Reviewer Conny Withay:Operating her own business in office management since 1991, Conny is an avid reader, volunteers reading the Bible to the elderly, and makes handmade jewelry. A cum laude graduate with a degree in art living in the Pacific Northwest, she is married with two sons, two daughter-in-laws, and one granddaughter.
Author: Douglas Quinn
Illustrator: Donna Higgins Colson
Publisher: White Heron Press
“What’s so hard to understand, beagle? Last night we had a dozen eggs. This morning we don’t have any. Someone took them all.” Red explains to Gracie in Douglas Quinn’s children’s book, Gracie the Undercover Beagle and Her Sidekick Boston Blackie – The Egg Thief.
First in the “Little Book for Little Readers” series, this sixty page small paperback book targets readers ages four to six years old. With no scary scenes but some complicated words to pronounce, the seven-chapter story may best be read out loud to beginner readers. Throughout the pages are a limited number of small pencil drawings by illustrator Colson along with ten word descriptions at the back of the book.
In this short, cute tome, Gracie the Undercover Beagle has been aroused from her sleep by her sidekick, Boston Blackie the cat, since there are no eggs to make a delicious breakfast.
According to Red the Rooster, all twelve eggs were stolen out of the hen house the night before, challenging Gracie to look for the culprit. Since Henny Penny witnessed the theft, she tells the beagle that the animal had a head like a fox but not a body like one.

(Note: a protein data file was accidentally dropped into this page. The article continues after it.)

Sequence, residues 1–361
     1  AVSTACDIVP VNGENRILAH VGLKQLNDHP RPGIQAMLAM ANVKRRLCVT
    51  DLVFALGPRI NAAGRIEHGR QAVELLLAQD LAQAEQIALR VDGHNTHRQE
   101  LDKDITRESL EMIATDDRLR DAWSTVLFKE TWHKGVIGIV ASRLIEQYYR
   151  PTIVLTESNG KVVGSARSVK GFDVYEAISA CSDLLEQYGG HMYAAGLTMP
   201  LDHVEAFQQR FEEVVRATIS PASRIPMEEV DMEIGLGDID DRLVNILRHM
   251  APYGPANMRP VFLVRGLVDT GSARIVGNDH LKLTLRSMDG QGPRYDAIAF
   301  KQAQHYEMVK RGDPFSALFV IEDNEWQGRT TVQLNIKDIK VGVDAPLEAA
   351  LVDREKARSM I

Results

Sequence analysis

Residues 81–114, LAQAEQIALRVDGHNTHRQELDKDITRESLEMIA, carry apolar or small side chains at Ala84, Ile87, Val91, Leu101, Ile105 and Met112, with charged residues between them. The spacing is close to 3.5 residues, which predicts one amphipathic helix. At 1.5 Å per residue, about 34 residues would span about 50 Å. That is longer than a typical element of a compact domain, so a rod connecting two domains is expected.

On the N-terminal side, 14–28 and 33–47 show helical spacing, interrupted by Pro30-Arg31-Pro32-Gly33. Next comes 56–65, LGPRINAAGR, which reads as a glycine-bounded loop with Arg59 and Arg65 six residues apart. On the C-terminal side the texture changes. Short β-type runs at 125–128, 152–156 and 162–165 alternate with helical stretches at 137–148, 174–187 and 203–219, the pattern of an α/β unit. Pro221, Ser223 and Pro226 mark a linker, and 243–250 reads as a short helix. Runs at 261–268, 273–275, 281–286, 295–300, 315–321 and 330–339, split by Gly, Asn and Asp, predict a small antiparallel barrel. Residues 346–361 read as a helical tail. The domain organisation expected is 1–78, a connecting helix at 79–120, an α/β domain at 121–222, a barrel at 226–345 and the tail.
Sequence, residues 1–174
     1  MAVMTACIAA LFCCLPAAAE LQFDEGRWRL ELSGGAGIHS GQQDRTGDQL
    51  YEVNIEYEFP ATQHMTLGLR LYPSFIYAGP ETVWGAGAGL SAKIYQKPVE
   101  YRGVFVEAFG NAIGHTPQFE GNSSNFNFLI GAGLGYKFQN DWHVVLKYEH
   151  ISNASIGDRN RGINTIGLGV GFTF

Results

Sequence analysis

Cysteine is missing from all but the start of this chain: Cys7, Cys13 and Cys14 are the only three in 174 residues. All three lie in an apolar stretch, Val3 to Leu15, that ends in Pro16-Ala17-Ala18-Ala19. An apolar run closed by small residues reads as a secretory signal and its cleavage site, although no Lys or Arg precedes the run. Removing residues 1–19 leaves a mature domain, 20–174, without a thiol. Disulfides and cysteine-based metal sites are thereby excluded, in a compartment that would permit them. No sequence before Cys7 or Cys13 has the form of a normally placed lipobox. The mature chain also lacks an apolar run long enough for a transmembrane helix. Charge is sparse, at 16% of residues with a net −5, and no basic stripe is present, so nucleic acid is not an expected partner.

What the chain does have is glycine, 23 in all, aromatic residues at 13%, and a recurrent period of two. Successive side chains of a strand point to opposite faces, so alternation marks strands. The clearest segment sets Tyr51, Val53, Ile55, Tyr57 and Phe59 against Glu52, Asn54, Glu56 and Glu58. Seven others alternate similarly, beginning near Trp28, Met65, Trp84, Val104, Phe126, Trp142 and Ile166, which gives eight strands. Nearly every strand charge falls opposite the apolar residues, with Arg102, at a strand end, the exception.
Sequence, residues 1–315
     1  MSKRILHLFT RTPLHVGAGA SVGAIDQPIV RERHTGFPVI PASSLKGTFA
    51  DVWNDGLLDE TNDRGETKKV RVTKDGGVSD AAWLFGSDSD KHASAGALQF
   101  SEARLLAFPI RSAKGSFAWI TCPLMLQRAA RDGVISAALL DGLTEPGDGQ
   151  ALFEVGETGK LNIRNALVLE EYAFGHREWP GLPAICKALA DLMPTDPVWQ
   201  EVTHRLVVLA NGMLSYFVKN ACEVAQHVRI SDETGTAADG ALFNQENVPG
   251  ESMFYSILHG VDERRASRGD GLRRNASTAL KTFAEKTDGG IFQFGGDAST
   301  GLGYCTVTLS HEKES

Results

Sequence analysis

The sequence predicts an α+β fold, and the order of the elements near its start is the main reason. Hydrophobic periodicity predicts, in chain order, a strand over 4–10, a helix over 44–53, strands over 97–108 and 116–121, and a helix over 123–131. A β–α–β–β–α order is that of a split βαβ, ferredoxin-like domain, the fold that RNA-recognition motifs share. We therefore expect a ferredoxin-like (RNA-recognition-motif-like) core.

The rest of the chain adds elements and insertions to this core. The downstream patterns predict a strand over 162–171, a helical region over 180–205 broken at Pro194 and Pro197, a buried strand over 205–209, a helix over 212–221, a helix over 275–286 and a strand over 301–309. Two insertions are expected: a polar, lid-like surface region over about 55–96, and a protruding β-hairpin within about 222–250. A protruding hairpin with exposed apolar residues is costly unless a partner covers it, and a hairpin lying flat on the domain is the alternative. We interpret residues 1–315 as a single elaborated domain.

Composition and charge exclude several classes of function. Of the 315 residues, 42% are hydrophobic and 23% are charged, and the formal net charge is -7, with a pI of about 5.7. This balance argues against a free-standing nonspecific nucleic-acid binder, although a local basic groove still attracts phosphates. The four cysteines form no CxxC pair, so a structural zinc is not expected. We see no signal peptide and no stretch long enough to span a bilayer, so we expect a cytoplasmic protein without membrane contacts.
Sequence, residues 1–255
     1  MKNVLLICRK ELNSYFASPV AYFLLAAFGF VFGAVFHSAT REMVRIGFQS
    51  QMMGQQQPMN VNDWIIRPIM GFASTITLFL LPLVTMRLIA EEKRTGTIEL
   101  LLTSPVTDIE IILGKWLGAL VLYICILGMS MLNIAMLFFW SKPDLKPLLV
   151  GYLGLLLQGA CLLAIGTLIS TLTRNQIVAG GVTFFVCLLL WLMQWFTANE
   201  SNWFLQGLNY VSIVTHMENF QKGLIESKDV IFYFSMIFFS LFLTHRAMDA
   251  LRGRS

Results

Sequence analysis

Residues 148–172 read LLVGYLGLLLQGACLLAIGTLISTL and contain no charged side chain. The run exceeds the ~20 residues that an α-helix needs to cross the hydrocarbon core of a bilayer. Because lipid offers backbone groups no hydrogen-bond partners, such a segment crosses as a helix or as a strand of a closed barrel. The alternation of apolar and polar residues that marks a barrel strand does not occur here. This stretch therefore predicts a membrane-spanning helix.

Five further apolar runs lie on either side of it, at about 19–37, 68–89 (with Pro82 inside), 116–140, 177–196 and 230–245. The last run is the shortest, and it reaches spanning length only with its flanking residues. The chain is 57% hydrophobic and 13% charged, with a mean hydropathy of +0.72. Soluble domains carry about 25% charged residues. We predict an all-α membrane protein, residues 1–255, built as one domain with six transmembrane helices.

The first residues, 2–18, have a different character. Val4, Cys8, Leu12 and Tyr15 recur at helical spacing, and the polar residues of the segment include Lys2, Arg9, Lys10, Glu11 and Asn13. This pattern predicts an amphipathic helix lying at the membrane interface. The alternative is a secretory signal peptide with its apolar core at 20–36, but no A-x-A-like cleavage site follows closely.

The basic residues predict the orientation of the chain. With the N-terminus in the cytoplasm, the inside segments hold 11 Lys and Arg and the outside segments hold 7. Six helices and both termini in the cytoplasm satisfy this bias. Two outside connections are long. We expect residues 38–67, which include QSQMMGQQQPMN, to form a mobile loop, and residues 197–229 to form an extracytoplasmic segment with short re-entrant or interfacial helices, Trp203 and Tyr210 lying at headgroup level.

After talking to Thomas Gray, an old cat, along with Humberto, a Spanish-speaking rabbit, Gracie and Blackie visit a hummingbird named Edwina, who leads them to the Oracle of the Forest, a wise dog who tells them it was “a stranger whose face is not real.”
Confused, the two return home, only to wake up early the next morning and learn more eggs are missing. The next night Gracie devises a plan to wait for the crook to sneak into the hen house and catch the critter red handed.
Learning who has taken the eggs, Gracie holds court with the other animals and convicts the egg thief of stealing, implementing a guilty verdict of cleaning the hen house. Because Gracie believes in second chances, she allows the bandit two needed meals a day plus someplace to stay.
Teaching responsibility for wrong actions and forgiveness, the tale is a quick read that young children will enjoy, while learning the explanation of more complicated words. This is a new mini-book series that not only encourages good reading skills; it instills morals including being nice to others.
Thanks to White Heron Press for furnishing this book in exchange for a review of the reader’s honest opinion.